Alaska Department of Fish and Game
Secondary Site Navigation
- Sport Fish Home
- Fishing Information
- Alaska Lake Database
- Information By Area
- Guide and Charter Requirements
- Boating and Angler Access Programs
- Hatcheries and Stocking
- Nonnative & Invasive Species
- Angler Education Opportunities
- Proxy Fishing
Area Sport Fishing Reports
Archived Sport Fishing Report
June 18, 2014
Week of June 15 to June121
Issued June 16, 2014
Emergency Orders and regulation reminders
• Effective June 1, in the Ayakulik River drainage, king salmon sport fishing is restricted to a daily bag limit of one fish and an annual limit of two.
• Effective June 1, in the Karluk River drainage, including Karluk Lagoon, sport fishing for king salmon is restricted to catch and release only. All king salmon caught must be released without being removed from the water. In addition, the use of bait is prohibited for all sport fishing downstream of Karluk Lake.
• The 2014 Chignik River king salmon fishery will start with a bag and possession limit of one king salmon 20 inches or greater in length, and an annual limit of two fish.
• Marine boat anglers returning to any port on the Kodiak road system from May 31 - August 31 may not fillet, mutilate, or de-head king salmon until they have been brought to shore and offloaded, unless the fish have been consumed or preserved on board.
• Effective June 5, the Afognak River sockeye salmon bag limit is increased to 10 fish per day and 10 in possession.
• Effective June 12, the Ayakulik River sockeye salmon bag limit is increased to 10 fish per day and 10 in possession.
• Effective June 13, the Karluk River sockeye salmon bag limit is increased to 10 fish per day and 10 in possession.
• Department of Fish and Game counting weirs on the Buskin, Afognak, Karluk and Ayakulik rivers are now in operation to count returns of sockeye salmon. King salmon returns will also be counted at Karluk and Ayakulik weirs. Current escapement goals for these two runs are 3,000 – 6,000 and 4,000-7,000 fish, respectively. The current Buskin River sockeye salmon escapement goal is 5,000-8,000 fish.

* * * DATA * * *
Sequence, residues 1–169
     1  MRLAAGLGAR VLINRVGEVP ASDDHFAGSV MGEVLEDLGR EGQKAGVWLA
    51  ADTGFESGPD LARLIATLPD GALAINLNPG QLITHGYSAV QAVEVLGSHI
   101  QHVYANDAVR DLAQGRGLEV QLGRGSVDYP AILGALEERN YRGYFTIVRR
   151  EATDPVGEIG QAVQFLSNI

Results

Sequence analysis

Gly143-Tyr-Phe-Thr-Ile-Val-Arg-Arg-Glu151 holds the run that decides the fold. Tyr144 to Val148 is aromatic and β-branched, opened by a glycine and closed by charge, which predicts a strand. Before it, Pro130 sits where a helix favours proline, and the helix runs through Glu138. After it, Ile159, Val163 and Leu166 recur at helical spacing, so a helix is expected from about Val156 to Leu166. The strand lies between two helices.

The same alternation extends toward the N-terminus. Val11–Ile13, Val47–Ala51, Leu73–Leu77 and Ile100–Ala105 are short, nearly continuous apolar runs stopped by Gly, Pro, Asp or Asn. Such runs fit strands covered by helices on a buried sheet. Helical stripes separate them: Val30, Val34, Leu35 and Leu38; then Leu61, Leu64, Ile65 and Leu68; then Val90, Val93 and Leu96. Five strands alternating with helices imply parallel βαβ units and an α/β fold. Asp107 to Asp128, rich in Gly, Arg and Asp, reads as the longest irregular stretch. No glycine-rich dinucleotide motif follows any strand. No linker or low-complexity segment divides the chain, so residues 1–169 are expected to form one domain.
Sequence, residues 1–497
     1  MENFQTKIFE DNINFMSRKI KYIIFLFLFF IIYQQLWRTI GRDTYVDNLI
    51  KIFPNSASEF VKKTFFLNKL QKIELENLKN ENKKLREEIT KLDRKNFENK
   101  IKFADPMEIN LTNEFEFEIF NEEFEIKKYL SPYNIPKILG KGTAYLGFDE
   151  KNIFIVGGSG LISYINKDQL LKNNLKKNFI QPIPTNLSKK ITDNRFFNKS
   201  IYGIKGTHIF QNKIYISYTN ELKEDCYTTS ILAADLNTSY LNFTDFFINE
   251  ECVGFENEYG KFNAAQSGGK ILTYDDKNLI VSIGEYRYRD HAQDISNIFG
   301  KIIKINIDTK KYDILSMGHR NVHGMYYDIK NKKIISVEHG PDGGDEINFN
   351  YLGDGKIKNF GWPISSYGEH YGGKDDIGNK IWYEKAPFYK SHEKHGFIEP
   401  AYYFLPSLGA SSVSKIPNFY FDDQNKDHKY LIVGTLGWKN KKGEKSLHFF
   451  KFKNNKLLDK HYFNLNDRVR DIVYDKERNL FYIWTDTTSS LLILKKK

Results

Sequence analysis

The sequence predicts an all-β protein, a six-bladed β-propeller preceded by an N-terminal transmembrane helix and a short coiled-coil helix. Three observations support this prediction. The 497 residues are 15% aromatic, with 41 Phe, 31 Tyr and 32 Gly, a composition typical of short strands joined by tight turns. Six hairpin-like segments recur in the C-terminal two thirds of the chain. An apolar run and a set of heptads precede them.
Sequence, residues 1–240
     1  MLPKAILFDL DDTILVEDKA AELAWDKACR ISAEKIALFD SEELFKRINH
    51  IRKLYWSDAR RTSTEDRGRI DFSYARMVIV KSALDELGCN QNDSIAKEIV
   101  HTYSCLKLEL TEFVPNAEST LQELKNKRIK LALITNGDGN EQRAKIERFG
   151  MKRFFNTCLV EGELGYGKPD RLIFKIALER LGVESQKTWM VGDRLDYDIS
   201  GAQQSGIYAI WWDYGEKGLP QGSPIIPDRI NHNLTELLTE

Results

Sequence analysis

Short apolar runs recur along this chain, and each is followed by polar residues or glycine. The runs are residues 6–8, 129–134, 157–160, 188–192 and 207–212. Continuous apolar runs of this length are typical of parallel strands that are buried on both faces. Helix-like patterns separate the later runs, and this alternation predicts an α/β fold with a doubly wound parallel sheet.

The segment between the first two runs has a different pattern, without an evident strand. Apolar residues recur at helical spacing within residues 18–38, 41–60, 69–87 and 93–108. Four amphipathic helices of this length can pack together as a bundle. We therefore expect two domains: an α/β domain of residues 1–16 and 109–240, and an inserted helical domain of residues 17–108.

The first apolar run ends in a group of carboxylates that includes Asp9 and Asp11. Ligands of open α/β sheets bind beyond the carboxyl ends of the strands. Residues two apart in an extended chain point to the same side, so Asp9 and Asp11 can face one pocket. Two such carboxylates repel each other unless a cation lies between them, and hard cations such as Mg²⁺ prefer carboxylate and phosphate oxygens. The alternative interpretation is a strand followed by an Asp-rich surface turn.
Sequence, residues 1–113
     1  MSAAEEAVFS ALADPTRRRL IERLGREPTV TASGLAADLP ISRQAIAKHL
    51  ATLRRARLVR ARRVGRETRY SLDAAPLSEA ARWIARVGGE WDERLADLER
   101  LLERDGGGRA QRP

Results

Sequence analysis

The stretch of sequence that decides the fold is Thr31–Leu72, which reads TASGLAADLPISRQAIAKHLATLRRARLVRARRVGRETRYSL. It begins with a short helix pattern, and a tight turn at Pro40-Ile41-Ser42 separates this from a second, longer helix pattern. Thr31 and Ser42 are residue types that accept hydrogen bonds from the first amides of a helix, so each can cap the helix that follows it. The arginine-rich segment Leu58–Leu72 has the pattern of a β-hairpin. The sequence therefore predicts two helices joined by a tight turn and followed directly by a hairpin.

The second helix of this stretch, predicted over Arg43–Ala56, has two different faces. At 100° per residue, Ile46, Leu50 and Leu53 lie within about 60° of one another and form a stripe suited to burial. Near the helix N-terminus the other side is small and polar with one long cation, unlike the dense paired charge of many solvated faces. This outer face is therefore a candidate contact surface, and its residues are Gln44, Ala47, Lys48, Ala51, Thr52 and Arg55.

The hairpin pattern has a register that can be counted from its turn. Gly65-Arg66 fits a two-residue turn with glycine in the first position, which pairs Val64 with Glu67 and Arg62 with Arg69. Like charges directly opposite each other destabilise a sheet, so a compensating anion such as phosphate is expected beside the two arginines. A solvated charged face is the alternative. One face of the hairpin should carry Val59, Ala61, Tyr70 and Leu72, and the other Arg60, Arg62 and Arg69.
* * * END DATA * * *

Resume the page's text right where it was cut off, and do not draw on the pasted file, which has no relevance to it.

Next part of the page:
• In anticipation of relatively poor returns in 2014, sport fishing for king salmon Karluk River drainage (including Karluk Lagoon) is restricted to catch and release only. In addition, the use of bait for all sport fishing is prohibited downstream of Karluk Lake. As of June 15 only237 king salmon had passed through the Karluk River weir.
• Poor returns are also expected this year for the Ayakulik and Chignik rivers king salmon runs. Consequently, king salmon sport fishing is restricted at both rivers to a daily bag limit of one fish over 20”, and an annual limit of two. Just 277 king salmon have been counted at the Ayakulik weir as of June 15.
• Relatively healthy returns are anticipated for the Kodiak Road Zone’s Buskin River sockeye salmon run, which usually peaks during mid-June, and in the last 10 years has averaged about 15,000 fish. The daily bag and possession limit for sockeye salmon within the Kodiak Road Zone is two fish. Through June 15 more than 7,100 sockeye have been counted at the Buskin River weir
• The current Afognak River sockeye salmon escapement goal is 20,000 – 55,000 fish. Afognak River weir has counted over 24,000 sockeye salmon as of June 15. As of June 5 the bag limit for sockeye is increased to 10 fish per day and 10 in possession.
• Strong early runs to sockeye salmon to the Karluk and Ayakulik River drainages have resulted in bag limit increases for anglers to 10 fish per day and in possession.
• Anglers can find daily updated Kodiak salmon weir counts at http://www.adfg.alaska.gov/sf/FishCounts/ .
Trout, Dolly Varden, Grayling
• Dolly Varden have left their over-winter fresh waters. Some Dollies are currently being caught along beaches at Pillar and Monashka creeks and Mission Lake. By late June, Dolly Varden should be available in salt waters near most rivers along the Kodiak road system, the beaches of Roslyn and Myrtle creeks being two favorite locations for local anglers.
• June is an excellent time to fish rainbow trout in the stocked lakes along the Kodiak road zone, as during and shortly after ice-out the fish travel shoal areas in search of food. It’s always a good idea to check water temperatures, as fish will be more active in warmer lakes. Although ADF&G currently stocks only sterile juvenile trout, some lakes with a stocking history dating to the 1950s may also contain spawning populations of adult fish.
• Halibut fishing has reportedly been steady during the past weekend should get progressively better through this month.
• Trolling for Chinook (king) salmon in Kodiak’s marine waters has become very popular in recent years. Kings can be fished successfully year-round, though fishing tends to be spotty and difficult to predict. Recent reports indicate that trollers are still catching fish, some at Buoy #4 and others in Kalsin Bay.
• Hatchery kings are also beginning to show in Monashka Bay waters, with anglers reporting a few fish caught so far by wading and casting from White Sands beach.
• Other well-known trolling spots along the road system are Cape Chiniak and the deeper waters on both sides of Long Island. Kodiak king salmon average 20 pounds, but fish up to 70 pounds are occasionally caught.
Other salt water fishing
• Black rockfish can currently be caught at depths of 10 fathoms or less near kelp beds along rock pinnacles and other natural or manmade structures. Rockfish are also frequently caught from shore at locations such as the breakwater barrier shielding St. Paul Harbor.
• Anglers are reminded that the lingcod season does not open until July 1.